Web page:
LIHU‘E — The National Weather Service said a stationary cold front near Kaua‘i would continue to weaken over the next few days, keeping light and variable winds in the forecast across Hawai‘i, while NASA is expecting the Orionid meteor shower to peak after midnight today.
“The wind and rain are coming from the south and is going to stabilize over the next day,” said NWS Hydrologist Kevin Kodama. “Still some risk of thunderstorms, however, tomorrow (today) will be a low-pressure system lifting up north. Thursday and the rest of the week should be better, a little disturbance, but we are not going to see trades.”
Kodama said on Tuesday, passing rain showers began south of Kaua‘i, with the intensity of the storm falling apart before hitting the South Shore.
Residents on the Southside can turn off their sprinklers if they anticipate watering their yards this week.
“Up until last week, there was a severe drought on the Southside. Now it’s getting much-needed rain,” Kodama said.
Today, NWS said there will be scattered showers and thunderstorms.
“Mostly cloudy, with a high near 85. Light and variable wind becoming north five to seven mph in the afternoon. The chance of precipitation is 50%.”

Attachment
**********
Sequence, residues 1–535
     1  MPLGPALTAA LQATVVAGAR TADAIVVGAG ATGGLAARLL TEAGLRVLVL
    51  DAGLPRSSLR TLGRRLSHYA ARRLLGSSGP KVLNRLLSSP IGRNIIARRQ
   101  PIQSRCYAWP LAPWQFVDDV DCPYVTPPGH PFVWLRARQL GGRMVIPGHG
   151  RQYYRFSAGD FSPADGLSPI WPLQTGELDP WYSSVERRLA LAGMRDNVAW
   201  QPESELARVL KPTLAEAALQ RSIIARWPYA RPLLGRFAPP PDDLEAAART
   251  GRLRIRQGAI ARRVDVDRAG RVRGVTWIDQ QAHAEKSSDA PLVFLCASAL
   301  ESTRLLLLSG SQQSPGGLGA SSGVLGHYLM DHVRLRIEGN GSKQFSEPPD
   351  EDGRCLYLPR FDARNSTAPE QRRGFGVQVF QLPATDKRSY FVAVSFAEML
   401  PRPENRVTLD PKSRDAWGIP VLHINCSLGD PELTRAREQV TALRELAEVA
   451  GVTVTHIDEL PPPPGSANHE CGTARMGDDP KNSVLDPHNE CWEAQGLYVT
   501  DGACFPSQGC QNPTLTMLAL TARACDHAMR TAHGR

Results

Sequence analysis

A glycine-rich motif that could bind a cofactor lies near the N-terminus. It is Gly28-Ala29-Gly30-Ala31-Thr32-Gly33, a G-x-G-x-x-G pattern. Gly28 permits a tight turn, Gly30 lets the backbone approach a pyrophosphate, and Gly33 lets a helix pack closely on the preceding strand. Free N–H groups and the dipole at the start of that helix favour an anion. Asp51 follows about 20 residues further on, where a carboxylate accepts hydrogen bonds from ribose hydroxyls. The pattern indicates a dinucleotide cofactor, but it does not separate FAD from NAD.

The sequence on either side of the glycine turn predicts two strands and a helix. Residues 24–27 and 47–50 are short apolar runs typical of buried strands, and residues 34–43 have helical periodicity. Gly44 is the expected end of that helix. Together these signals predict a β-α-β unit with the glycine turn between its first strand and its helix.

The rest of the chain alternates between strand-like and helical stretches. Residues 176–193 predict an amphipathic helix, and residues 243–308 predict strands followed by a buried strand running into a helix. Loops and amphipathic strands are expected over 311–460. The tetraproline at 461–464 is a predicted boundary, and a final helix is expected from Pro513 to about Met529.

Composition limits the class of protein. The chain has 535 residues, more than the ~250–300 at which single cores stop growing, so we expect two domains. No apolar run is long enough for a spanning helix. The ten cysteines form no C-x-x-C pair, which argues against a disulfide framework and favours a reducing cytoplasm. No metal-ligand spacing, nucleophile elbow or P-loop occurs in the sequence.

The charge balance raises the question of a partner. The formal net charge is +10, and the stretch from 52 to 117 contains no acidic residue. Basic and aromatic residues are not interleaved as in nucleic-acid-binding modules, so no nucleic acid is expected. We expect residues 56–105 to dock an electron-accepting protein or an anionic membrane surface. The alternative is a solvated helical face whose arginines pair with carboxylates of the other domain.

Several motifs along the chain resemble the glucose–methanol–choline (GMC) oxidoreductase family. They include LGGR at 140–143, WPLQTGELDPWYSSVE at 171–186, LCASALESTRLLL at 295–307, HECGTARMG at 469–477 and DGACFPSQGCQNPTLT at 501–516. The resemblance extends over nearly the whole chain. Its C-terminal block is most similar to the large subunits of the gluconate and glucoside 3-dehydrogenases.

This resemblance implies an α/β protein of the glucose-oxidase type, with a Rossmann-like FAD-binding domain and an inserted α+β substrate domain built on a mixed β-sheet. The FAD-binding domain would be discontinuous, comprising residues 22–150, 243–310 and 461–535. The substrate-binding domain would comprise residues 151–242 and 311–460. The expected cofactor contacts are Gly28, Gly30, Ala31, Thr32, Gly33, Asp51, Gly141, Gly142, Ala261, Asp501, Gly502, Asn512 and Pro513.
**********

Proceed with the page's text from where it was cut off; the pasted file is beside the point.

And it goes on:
New rainfall amounts of less than a tenth of an inch are expected today, with higher amounts possible in thunderstorms.
According to NWS, enhanced clouds and periods of showers will continue to affect Kaua‘i County and O‘ahu through at least the first half of this week.
Tuesday, the NWS recorded 1.24 inches of rain in Lihu‘e, 2.15 inches of rain at Kawaikoi Stream near Waimea, and 0.85 inches of rain at Halaulani Stream near Kilauea.
As of Tuesday, the Hanalei River bridge rain gauge was at 6.84 feet high, below the 7.3 flood stage that NWS would consider issuing a flash-flood warning if the mauka gauge isn’t working right.
Kodama said the Hanalei River bridge gauge is the backup if something goes wrong with the mauka gauge.
“If the mauka gauge marks 7.8 feet of river rising or higher, a flash-flood warning would be issued,” Kodama said.
NWS said today Kaua‘i should see isolated showers throughout the day, with the forecast calling for mostly cloudy skies and a high near 85. East winds will be three to five mph, and the chance of precipitation is 20%.
As of Tuesday, no tsunami, thunderstorm or hurricane watches or warnings had been issued.
Meanwhile, if skies clear, NASA said the Orionid meteor shower is expected after midnight and is known for its brightness and speed.
“The Orionids, which peak during mid-October each year, are considered to be one of the most beautiful showers of the year,” NASA said. “The Orionids are viewable in both the Northern and Southern hemispheres. Find an area well away from city or street lights.”
Stephanie Shinno, can be reached at 245-0424 or email@example.com.